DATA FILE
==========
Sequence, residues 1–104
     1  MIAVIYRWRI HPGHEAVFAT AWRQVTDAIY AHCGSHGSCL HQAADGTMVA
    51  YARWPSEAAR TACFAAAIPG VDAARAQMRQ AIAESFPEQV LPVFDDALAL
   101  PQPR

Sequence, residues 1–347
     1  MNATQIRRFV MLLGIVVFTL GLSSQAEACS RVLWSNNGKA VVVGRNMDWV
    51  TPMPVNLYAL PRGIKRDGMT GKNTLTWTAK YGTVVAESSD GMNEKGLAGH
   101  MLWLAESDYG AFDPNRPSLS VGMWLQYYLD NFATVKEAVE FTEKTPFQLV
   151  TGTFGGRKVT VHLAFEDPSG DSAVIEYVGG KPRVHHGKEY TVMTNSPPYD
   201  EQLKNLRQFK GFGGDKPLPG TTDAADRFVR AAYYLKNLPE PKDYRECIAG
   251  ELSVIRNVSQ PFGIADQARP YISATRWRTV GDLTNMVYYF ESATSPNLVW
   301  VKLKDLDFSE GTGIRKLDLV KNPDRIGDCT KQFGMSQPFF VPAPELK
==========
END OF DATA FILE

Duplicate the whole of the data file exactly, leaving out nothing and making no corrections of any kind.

Sequence, residues 1–104
     1  MIAVIYRWRI HPGHEAVFAT AWRQVTDAIY AHCGSHGSCL HQAADGTMVA
    51  YARWPSEAAR TACFAAAIPG VDAARAQMRQ AIAESFPEQV LPVFDDALAL
   101  PQPR

Sequence, residues 1–347
     1  MNATQIRRFV MLLGIVVFTL GLSSQAEACS RVLWSNNGKA VVVGRNMDWV
    51  TPMPVNLYAL PRGIKRDGMT GKNTLTWTAK YGTVVAESSD GMNEKGLAGH
   101  MLWLAESDYG AFDPNRPSLS VGMWLQYYLD NFATVKEAVE FTEKTPFQLV
   151  TGTFGGRKVT VHLAFEDPSG DSAVIEYVGG KPRVHHGKEY TVMTNSPPYD
   201  EQLKNLRQFK GFGGDKPLPG TTDAADRFVR AAYYLKNLPE PKDYRECIAG
   251  ELSVIRNVSQ PFGIADQARP YISATRWRTV GDLTNMVYYF ESATSPNLVW
   301  VKLKDLDFSE GTGIRKLDLV KNPDRIGDCT KQFGMSQPFF VPAPELK